- Use this magic bone supplement. Magnesium is one of the primary minerals found in the bone matrix.
This often overlooked trace mineral is needed for more than 300 biochemical processes in your body, including nerve and muscle function, the immune system, and a steady heartbeat.
Studies show that 80% of Americans aren’t getting enough magnesium. Not only have industrial farming methods stripped the soil of essential minerals like magnesium, the sugar-laden modern American diet prompts your kidneys to excrete magnesium as well.
Leafy greens like kale, spinach and Swiss chard are good food sources. So are quinoa, lentils, almonds, sesame seeds and cacao.
I recommend getting between 600 mg and 1,000 mg a day as a supplement.
Avoid magnesium oxide or glutamate. The glycine, citrate, malate and chloride forms are better choices. Take it with vitamin B6 to increase the amount of magnesium accumulating in your cells.
- If you’re feeling pain, eliminate inflammation with nature’s aspirin. Meadowsweet is used traditionally to treat arthritis and pain in much the same way as aspirin is used. In fact, aspirin was created by studying meadowsweet. And researchers are still trying to create more drugs from it.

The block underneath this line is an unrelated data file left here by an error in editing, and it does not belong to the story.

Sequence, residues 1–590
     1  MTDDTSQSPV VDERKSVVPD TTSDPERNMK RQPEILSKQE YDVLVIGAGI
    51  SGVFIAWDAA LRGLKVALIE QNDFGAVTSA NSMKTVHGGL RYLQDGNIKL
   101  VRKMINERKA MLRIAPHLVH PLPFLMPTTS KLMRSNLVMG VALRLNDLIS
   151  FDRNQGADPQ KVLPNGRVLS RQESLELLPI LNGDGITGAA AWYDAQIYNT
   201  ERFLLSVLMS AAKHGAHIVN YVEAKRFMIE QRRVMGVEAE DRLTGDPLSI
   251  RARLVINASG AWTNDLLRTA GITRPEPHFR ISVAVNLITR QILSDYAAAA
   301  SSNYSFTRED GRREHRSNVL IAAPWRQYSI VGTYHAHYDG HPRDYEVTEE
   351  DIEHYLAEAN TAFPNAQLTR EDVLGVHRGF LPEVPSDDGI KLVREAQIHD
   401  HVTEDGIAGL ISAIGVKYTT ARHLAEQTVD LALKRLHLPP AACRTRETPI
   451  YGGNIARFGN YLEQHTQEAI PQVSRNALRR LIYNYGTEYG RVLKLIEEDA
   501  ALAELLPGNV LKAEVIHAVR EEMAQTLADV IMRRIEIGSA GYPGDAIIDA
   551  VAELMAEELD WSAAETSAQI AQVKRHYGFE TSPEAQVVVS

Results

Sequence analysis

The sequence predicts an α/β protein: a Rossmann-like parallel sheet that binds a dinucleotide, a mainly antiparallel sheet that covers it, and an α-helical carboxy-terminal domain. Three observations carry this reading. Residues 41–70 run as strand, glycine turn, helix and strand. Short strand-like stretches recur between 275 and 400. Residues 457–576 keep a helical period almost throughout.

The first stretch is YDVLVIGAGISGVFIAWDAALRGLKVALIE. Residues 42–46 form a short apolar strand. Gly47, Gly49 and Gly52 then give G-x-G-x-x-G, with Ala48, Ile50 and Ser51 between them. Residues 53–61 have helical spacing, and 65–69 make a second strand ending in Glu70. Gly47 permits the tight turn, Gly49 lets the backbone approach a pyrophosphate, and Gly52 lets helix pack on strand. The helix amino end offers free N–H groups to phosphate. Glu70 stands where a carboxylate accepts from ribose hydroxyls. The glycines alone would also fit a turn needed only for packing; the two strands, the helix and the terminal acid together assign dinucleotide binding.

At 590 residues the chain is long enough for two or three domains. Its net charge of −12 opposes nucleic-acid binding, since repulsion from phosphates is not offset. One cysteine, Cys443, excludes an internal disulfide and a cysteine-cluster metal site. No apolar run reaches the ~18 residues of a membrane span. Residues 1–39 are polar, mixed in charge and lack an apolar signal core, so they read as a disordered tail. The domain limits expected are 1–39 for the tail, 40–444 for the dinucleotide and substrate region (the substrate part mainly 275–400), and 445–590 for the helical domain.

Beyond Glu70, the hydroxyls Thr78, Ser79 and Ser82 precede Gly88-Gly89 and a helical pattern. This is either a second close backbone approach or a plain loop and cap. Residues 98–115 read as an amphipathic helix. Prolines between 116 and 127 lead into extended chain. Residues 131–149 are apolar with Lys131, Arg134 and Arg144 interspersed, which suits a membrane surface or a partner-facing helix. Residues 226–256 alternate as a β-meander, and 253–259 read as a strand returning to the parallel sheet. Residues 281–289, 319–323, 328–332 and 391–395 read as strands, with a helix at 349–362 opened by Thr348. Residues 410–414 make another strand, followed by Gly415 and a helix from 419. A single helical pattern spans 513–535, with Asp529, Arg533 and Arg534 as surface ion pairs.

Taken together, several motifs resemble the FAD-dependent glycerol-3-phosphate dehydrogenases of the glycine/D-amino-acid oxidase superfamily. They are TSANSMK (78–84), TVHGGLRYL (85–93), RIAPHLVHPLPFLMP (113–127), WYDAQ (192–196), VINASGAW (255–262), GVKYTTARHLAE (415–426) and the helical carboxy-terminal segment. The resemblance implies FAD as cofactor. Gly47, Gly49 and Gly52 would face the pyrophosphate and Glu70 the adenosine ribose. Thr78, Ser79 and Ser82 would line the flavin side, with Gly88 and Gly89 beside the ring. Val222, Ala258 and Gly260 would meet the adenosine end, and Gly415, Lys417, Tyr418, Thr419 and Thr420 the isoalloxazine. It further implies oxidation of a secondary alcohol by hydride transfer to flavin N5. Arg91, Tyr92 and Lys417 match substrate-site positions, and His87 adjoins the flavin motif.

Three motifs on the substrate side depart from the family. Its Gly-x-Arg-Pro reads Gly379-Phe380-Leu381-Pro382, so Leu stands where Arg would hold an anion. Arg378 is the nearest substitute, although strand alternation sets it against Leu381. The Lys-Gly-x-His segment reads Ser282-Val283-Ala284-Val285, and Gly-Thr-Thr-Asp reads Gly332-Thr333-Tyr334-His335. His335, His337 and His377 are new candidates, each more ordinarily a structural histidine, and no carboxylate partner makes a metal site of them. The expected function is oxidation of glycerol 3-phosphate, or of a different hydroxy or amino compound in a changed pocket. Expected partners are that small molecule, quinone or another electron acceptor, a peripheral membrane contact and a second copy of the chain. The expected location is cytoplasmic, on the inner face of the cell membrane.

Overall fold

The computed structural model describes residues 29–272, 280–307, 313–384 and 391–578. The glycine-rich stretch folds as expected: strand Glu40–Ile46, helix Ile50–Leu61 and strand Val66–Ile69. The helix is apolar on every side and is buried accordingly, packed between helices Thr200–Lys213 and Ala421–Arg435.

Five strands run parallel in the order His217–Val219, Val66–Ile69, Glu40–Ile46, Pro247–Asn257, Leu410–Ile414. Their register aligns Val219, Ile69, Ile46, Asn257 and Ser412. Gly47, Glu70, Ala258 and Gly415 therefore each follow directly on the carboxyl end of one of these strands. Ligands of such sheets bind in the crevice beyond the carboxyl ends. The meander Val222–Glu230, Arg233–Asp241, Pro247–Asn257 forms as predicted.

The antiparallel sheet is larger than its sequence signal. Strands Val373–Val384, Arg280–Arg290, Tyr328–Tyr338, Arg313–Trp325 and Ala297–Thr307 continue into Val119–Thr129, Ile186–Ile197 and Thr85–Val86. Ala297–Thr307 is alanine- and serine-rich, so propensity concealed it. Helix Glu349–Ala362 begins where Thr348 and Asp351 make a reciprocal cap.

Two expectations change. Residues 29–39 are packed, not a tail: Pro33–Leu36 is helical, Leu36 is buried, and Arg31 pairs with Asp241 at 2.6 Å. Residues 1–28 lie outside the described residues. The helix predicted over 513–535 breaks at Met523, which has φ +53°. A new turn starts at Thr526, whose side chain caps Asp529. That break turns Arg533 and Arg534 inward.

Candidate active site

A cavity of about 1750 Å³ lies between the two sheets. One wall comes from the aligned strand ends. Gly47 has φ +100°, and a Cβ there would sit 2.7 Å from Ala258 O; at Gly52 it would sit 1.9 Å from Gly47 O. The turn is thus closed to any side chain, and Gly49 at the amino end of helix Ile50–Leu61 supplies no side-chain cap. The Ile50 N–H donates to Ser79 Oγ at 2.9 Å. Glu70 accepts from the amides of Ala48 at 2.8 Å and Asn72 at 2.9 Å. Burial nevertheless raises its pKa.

But meadowsweet is a great example of why no matter how many times we think we’re smarter than nature, nature is better.
You see, meadowsweet stores its active anti-inflammatories as inactive compounds. So when you ingest them, they go past your stomach intact.
Then your liver safely converts them into the healing inflammation-dousing compounds that really work. The best part is, meadowsweet has none of the side effects over-the-counter synthetic drugs that imitate it have, like ulcers and bleeding.
- Then, build “superior” bones with vitamin K2. This little-known vitamin regulates calcium. It directs it into your bones. I’ve helped hundreds of patients regulate their calcium and stabilize their bones using vitamin K2. A recent study showed that high vitamin K intake means higher bone mineral density, and less bone loss with aging.4 The authors wrote that vitamin K gave people “superior bone properties.”
In America the most popular food sources of K2 are egg yolks, organ meats, grass-fed raw milk and traditionally cultured cheeses like Emmental and Jarlsberg.
You can also supplement with vitamin K2. It comes in several different forms called menaquinones (MK). Look for a supplement containing MK-4 or MK-7. And it’s fat-soluble, so take K2 with a meal to improve absorption. I recommend taking 90 mcg per day.
To Your Good Health,
Al Sears, MD, CNS
1. Ma C, et al. “Effect of whole-body vibration on reduction of bone loss and fall prevention in postmenopausal women: a meta-analysis and systematic review.” J Orthop Surg Res. 2016;11:24.
2. Good Vibrations. Science Beta.
3. Yang F, et al. “Controlled whole-body vibration training reduces risk of falls among community-dwelling older adults.” J Biomech. 2015;48(12):3206-3212..
4. Guangliang H, et al. “Vitamin K intake and the risk of fractures.” Medicine (Baltimore). 2017;96(17):e6725.